Language is the mother tongue

2019-02-28 06:02
Deputy Minister of Arts and Culture Maggie Sotyu encouraging learners to read to understand.PHOTOS: UNATHI OBOSE.

Deputy Minister of Arts and Culture Maggie Sotyu encouraging learners to read to understand.PHOTOS: UNATHI OBOSE.

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Friday last week was International Mother Language Day.

Learners and educators who converged at the Thusong Hall in Khayelitsha to commemorate the day, were encouraged to learn and speak their mother tongues both at school and at home to be able to preserve their culture.

Vernacular languages are gradually fading away because, it is claimed, the very same people who are supposed to hold them in high regard, are the ones looking down on these languages.

Deputy Minister of Arts and Culture Maggie Sotyu, provincial minister for Arts and Culture Anroux Marais and other academics from various South African universities, were in attendance.

Choral music was on the menu. A traditional dance group from Chris Hani Arts and Culture High School entertained the guests.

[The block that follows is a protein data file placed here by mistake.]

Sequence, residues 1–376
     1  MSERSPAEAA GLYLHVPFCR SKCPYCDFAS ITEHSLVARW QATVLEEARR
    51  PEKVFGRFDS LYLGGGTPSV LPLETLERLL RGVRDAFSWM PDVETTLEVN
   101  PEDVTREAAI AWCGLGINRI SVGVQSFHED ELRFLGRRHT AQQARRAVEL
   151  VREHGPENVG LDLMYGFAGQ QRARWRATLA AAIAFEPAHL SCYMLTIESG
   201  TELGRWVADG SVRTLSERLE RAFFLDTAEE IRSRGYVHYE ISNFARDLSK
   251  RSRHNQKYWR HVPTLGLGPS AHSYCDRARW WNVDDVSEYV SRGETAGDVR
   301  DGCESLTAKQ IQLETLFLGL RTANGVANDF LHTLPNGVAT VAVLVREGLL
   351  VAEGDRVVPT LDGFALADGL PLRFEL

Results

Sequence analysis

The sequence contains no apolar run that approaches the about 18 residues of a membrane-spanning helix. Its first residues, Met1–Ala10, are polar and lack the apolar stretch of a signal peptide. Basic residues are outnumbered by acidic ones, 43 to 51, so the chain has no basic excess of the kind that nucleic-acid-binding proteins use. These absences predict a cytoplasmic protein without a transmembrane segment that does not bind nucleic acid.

Former Generations actor Dumisani Mbebe said living in a diverse society needs people to be flexible and be able to speak multiple languages.

He said acting is no longer an extra-mural activity but a career choice.

“Language is your identity together with your attire and the games you play,” said Mbebe.

Dr Eddy Maepa, Executive Director at the National Library of South Africa, encouraged learners to read in order to become good leaders.

“We need to elevate our languages because, in the olden days, our languages were ignored. Even now you’ll find children speaking English, both at school and at home and that doesn’t assist us in the development of our languages,” said Maepa.

He added that the government can initiate the process, but society needs to take responsibility, to ensure (the process) succeeded.

Sotyu said: “It is important for our children to know where they are coming from to be able to know where they are going ... And these problems cannot be overcome if the parents are not involved,” said Sotyu.

She encouraged learners to read for understanding rather than be fluent.

“When we replenish libraries with books, they must cater for the majority of the community in that particular area, We can’t have more Afrikaans books in a library dominated by Xhosa speaking people” said Sotyu.

Sinethemba High School educator Fundiswa Burneli described the event as very educational to the learners.

She said it encouraged them be proud of who they are.

While Yolisa Qangani (15), a Grade 9 learner at Nelson Mandela High School in Crossroads said: “I’ve learned that it is important to learn all the languages to be able to communicate with different people.”


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